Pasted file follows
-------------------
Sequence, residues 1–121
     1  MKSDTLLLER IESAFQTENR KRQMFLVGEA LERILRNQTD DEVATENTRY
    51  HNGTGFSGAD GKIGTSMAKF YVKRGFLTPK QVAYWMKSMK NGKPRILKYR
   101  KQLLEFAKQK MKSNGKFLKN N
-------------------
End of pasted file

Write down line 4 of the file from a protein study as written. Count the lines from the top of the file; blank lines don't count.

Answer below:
   101  KQLLEFAKQK MKSNGKFLKN N